Lakers, JJ Redick agree to 4-year deal to become next head coach: Sources

The Los Angeles Lakers and JJ Redick have agreed to a four-year deal to make the 39-year-old former NBA player the team’s new head coach, team sources said Thursday.

The contract is in the neighborhood of $8 million per season, according to sources briefed on the deal.

The Lakers zeroed in on Redick over the past four weeks, with team leadership and Redick meeting on Saturday to discuss the position. During meetings with Lakers vice president of basketball operations and general manager Rob Pelinka, and his visit with Lakers ownership, Redick showed promise, team sources said.

GO DEEPER Inside the Lakers’ decision to hire JJ Redick and how he shapes their future

He was considered the front-runner in league circles for most of the coaching search, which was ongoing since Los Angeles fired Darvin Ham in May after two seasons.

Redick’s status as the front-runner for the job briefly changed when Connecticut coach Dan Hurley and the Lakers expressed mutual interest before Hurley interviewed in Los Angeles. He rejected the Lakers’ six-year, $70 million offer last week, according to team and league sources.


The Lakers’ brass then regrouped and circled back to candidates, including Redick, according to team and league sources. The ESPN commentator and podcaster previously met with Pelinka for nearly two hours the week of May 13 at the NBA Draft Combine in Chicago.

Redick worked on the broadcast for the NBA Finals, which ended Monday when the Boston Celtics defeated the Dallas Mavericks in Game 5.

New Orleans Pelicans associate head coach James Borrego was the other central candidate over the past few weeks. Borrego met with Pelinka in Los Angeles on May 20 for over two hours. He also met with Lakers stakeholders at the team’s practice facility on May 29. Anthony Davis and Borrego, who overlapped briefly in New Orleans, re-established their rapport recently. Yahoo previously reported that Borrego was also advancing in the head-coaching search with the Cleveland Cavaliers.

The Lakers were high on Redick’s potential and viewed the 15-year NBA veteran as a Pat Riley-like coaching prospect, according to league sources. Redick checked many of the boxes for the Lakers as they searched for their next coach.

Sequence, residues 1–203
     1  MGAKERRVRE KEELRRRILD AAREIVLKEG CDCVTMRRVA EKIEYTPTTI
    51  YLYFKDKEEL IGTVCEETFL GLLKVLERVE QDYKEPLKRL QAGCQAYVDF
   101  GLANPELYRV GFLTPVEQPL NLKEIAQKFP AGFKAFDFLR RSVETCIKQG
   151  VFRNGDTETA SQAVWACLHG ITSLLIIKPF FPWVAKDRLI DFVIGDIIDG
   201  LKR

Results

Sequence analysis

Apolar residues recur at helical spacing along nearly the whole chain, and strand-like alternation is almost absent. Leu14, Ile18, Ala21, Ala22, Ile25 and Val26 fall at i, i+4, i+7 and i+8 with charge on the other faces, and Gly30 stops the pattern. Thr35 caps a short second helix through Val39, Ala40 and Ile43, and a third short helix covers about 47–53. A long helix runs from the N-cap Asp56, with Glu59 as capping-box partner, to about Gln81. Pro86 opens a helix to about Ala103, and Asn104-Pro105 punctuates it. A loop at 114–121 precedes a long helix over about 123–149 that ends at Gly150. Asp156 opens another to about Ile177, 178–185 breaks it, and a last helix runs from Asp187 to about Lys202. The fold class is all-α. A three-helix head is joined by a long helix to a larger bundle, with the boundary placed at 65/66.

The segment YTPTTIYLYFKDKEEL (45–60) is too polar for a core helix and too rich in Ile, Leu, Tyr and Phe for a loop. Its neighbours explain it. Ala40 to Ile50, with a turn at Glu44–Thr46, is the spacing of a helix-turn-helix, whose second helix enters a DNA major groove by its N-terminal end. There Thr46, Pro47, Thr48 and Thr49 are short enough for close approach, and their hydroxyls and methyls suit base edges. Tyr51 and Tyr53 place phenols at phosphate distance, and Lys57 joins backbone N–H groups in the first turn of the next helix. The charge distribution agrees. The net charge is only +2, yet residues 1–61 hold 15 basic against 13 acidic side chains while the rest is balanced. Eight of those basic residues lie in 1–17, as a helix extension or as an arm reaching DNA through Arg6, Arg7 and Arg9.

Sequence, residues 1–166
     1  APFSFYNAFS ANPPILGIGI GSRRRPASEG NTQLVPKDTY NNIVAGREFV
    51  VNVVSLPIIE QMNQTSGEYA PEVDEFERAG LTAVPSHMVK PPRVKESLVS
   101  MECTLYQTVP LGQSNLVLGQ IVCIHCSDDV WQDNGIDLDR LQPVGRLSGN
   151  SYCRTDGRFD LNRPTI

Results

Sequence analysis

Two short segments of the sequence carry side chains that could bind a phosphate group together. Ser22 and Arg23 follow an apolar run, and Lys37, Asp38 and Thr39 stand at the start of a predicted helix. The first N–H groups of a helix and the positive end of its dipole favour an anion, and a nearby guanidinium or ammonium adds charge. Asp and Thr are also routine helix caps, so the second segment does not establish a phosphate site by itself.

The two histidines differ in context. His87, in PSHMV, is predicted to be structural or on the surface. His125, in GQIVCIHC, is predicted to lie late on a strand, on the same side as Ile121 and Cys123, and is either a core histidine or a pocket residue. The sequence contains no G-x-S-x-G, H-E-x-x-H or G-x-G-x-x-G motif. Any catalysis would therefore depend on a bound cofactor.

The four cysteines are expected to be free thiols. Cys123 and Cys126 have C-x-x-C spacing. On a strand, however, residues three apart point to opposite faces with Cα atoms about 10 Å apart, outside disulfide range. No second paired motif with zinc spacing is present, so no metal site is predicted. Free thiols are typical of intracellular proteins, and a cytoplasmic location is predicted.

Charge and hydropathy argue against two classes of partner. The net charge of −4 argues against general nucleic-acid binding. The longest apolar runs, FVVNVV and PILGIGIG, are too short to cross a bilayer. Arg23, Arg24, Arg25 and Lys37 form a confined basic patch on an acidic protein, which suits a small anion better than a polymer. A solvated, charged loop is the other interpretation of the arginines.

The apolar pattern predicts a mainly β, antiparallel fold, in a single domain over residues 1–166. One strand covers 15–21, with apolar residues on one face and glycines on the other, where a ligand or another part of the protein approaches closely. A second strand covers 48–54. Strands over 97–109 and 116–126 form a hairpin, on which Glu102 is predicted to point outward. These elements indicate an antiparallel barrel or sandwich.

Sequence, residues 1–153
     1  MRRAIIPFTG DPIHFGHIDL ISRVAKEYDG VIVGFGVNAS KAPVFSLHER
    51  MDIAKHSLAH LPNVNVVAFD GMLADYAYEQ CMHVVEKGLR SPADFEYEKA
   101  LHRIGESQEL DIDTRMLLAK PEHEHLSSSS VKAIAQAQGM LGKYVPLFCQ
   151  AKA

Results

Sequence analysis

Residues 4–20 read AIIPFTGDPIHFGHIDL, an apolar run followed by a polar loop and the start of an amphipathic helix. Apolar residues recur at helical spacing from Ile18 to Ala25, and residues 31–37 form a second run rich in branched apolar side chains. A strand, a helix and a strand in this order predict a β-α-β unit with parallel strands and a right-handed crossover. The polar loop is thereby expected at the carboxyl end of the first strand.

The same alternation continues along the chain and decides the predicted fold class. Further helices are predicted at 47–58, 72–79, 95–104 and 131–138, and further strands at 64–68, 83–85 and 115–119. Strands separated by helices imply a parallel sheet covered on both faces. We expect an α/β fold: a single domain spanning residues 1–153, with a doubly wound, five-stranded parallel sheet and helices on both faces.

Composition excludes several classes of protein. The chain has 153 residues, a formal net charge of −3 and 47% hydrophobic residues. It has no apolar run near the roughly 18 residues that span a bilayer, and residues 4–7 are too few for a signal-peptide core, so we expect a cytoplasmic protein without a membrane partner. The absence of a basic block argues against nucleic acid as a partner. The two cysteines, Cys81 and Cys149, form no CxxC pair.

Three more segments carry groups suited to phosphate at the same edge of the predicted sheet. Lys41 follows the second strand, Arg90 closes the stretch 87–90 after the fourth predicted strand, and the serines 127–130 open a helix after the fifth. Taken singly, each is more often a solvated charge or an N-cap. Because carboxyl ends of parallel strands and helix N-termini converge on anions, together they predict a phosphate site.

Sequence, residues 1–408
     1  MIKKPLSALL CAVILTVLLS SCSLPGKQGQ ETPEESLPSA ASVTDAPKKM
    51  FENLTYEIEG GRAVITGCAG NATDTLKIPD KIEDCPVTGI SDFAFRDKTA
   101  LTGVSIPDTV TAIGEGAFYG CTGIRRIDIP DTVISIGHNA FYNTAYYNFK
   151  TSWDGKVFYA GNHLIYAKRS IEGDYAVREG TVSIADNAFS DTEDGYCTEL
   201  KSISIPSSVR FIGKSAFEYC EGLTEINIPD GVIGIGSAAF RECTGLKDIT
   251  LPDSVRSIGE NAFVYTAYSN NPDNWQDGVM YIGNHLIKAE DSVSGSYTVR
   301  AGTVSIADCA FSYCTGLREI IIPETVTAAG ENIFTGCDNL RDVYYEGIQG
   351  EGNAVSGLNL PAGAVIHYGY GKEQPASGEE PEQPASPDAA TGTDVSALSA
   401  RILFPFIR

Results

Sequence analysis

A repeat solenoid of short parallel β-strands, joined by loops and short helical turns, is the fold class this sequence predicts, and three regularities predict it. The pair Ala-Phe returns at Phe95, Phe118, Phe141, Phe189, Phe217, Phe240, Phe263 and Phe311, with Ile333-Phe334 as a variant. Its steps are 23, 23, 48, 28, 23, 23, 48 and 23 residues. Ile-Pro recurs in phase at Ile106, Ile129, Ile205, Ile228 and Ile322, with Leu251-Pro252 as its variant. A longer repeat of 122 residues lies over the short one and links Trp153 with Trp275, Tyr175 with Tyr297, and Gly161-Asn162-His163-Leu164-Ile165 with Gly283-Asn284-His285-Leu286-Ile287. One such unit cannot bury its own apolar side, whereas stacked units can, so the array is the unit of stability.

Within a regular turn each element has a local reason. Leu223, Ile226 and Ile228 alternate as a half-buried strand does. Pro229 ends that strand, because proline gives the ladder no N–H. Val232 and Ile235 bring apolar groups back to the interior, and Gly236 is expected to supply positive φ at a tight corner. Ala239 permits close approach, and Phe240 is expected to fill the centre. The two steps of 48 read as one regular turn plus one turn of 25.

Redick has yet to coach above the youth level. He’s the most forward-facing of the candidates given his high-profile playing career, run as a media personality and his recent “Mind the Game” podcast with LeBron James. Nevertheless, James made it known he was staying out of the team’s coaching search, according to people involved in the matter.

The coaching hire is pivotal as Los Angeles hopes to retain James, who must decide whether to exercise his $51.4 million player option for the 2024-25 season by June 29. The Lakers are open to any contract structure that will keep James in Los Angeles, league sources said.

Redick spent 15 seasons in the NBA with six teams, most notably the Orlando Magic and LA Clippers. A renowned shooter, he posted a career average of 12.8 points per game with 41.5 percent 3-point shooting, 44.7 percent from the field and 89.2 percent from the free-throw line.


Where does Redick’s departure leave ESPN?

The good news for ESPN regarding Redick’s departure to the Lakers is that Mike Breen remains in the lead play-by-play chair. You are always working from strength when your top broadcast team has the best game-caller of his or her generation. But ESPN does not have any automatic moves right now when it comes to Redick’s replacement.

The network nuked its longtime crew of Breen, Jeff Van Gundy and Mark Jackson and then Doc Rivers left for the Milwaukee Bucks in about the time it takes Noah Lyles to run the 100. It could have a third new combo in a little more than a year to start next season if it adds to Breen and Doris Burke. Health-willing, hopefully Breen, 63, continues into his 70s. But the analyst position is key. Any hire likely has to be either a youngish (in media years) high-profile former player or coach. One thing to keep an eye on — and this is just us spitballing — is how Dwayne Wade does as an Olympic basketball analyst for NBC in Paris. That’s someone who has the star power ESPN would theoretically be looking for as an NBA analyst. — Richard Deitsch, sports media writer

Shams Charania and Sam Amick contributed to this report.

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(Photo: Jamie Schwaberow / Getty Images)

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